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Photo of the Month - exploring the Story behind the Image...
My Father's Gravestone
Year: 2010, Month: September
England > Yorkshire > Malton
I'd like to share this photograph of the memorial-stone for my father.
Geoffrey Edward Makins.
He's the one who's name is carved second from the bottom of this stone. Joining him on the same memorial are carved the names of Bernard Rowntree Taylor, Born 16th Nov 1905, Died 29th April 1968; his wife: Jane Agnes Taylor, Born 31st Jan 1908, Died 4th Feb 1990; Mary Kathleen Hamilton, Born 16th September 1902, Died 11th April 1976; Wilfred Colin Hamilton, Born 4th December 1900, Died 15th October 1976; Joyce Rowntree Taylor, Born 20th October 1898, Died 2nd February 1990; and Barbara Helen Gunn, Born February 1919, Died December 2008. There's probably not much of a mention about any of them on the internet, as they all came from a generation before such things had even been dreamt about. This page, at least, maintains a small listing of their names and dates.
To the casual observer of this scene, it might strike them as strange that so many people should share the same gravestone. A clue to this is shown at the top: 'Cremations'. This stone doesn't mark individual graves, but rather acts as a memorial for those who were cremated. Their ashes may or may not be in the vicinity. What else can we learn from this scene? Three of the names give a clue: Bernard, Jane, and Joyce Rowntree Taylor. Rowntree is an old Quaker name, from the same roots as the Quaker firm of Rowntrees in York, who used to be world famous for their chocolate, and the benign conditions of service for their workers. The same applied to other Quaker companies: Cadburys of Bournville village, and Fry, who used to make the Fry's Chocolate Cream of my childhood. All, alas, have been bought out by multi-nationals who care little for their worker's living conditions, and much for their shareholder's dividends.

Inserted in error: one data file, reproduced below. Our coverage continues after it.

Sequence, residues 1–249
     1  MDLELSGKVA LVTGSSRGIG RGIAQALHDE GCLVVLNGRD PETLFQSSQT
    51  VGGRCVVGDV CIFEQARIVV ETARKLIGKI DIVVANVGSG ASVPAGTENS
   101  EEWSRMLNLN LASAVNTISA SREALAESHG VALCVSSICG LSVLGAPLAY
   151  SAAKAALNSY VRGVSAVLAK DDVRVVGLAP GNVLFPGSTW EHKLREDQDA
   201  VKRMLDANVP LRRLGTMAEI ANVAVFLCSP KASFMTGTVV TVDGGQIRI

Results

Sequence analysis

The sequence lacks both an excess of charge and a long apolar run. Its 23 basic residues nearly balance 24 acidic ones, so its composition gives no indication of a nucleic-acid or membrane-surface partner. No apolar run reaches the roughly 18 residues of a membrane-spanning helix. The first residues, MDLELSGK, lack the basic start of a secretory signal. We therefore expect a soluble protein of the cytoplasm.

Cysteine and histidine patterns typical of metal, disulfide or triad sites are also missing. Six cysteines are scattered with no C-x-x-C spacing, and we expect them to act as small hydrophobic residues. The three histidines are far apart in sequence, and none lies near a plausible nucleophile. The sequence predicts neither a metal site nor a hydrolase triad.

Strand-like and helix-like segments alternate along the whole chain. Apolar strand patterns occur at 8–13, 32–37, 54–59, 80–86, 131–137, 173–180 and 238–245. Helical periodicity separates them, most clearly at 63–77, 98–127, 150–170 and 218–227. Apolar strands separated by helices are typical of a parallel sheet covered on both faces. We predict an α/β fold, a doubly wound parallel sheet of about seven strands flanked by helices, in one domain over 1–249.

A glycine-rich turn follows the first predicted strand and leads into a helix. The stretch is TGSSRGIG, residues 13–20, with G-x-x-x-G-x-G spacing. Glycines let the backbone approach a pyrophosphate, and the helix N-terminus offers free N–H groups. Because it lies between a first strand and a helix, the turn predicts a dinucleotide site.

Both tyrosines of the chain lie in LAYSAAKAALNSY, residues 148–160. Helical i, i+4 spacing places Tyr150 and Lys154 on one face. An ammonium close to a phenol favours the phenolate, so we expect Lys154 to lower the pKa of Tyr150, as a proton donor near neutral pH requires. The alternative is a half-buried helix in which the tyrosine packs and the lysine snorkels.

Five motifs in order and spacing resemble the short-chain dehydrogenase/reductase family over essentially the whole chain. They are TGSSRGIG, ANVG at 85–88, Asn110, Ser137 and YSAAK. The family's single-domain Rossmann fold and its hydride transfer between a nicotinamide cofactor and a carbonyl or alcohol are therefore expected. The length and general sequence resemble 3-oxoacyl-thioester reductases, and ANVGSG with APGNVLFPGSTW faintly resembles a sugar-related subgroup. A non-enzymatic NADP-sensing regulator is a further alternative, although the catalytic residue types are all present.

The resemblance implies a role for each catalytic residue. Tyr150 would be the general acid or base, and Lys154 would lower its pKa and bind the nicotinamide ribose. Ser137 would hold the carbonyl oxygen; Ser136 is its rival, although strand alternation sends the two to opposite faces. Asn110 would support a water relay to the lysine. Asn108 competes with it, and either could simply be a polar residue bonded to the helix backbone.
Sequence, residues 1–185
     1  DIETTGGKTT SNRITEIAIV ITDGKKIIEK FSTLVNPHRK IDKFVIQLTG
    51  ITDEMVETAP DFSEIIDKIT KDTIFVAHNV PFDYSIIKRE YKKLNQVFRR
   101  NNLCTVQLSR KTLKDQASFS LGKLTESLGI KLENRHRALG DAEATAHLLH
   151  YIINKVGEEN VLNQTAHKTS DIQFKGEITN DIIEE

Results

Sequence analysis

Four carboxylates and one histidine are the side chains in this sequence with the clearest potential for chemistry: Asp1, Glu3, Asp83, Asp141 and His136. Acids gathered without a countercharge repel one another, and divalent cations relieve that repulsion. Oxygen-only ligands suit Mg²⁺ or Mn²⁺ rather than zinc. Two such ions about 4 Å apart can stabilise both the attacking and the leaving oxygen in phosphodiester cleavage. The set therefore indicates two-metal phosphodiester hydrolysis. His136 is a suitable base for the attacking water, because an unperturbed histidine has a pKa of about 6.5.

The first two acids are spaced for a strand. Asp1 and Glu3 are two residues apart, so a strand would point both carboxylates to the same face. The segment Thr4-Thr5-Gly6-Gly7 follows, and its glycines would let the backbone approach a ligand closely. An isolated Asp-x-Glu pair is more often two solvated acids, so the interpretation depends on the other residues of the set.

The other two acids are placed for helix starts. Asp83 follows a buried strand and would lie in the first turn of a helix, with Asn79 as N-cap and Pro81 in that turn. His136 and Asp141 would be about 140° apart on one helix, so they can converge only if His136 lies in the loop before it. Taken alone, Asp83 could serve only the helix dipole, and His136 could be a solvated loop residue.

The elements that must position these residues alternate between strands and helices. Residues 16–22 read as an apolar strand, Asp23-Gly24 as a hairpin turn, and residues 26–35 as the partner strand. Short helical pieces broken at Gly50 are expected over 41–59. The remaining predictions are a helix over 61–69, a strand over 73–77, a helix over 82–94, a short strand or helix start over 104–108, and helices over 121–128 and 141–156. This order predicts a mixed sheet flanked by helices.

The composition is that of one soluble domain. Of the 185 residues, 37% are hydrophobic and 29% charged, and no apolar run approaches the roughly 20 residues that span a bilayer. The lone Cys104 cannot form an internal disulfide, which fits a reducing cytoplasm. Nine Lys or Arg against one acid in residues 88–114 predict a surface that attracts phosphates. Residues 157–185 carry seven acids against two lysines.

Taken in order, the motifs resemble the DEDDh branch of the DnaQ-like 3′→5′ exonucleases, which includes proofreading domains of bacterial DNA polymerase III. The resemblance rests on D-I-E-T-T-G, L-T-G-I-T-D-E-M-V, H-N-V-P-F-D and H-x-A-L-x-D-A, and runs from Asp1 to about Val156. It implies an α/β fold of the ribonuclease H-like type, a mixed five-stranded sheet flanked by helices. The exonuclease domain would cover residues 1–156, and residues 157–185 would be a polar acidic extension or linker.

So, we have learned that this is a Quaker burial ground. Quakers, often unostentatious in life, hold similar restraint in death, and the recording of such. Where there are gravestones, these are often small, or are mounted flat on the ground, rather than the more normal vertical position of other religions. Sharing a stone seems a friendly thing to do, and a reminder of the other name for Quakers, the 'Religious Society of Friends'. In their Sunday morning 'Meetings', which are generally peaceful with little talk and no music, they address each other as 'Friends', and suggest that life should be lived in a 'Friendly Manner': something that all in the world could learn and benefit from, I'm sure.
What else can we learn from the inscriptions? One thing that shouts out to me is that the first person died in 1968, whilst the last died in 2008, exactly 40 years later. The Quaker meeting in Malton always was a small group, and at times almost faded away altogether. The Meeting House itself almost had to be demolished, due to a savage attack of dry rot, which my Father was instrumental in saving, money-raising, and the organising of its repairs. Today, the Meeting is still in existence, though with reduced numbers, and no caretaker in residence to clean the rooms and tidy the gardens, as used to be the case.
Why have I included this image as 'Photo of the Month'? I like the composition: the contrast of dark evergreen leaves with warm red Yorkshire brick, the white flowers that lead the eye to the dark slate of the memorial stone, with its carved names gently fading with time. The scene imparts a feeling of quietness and dignity, a fitting tribute ot my Father.
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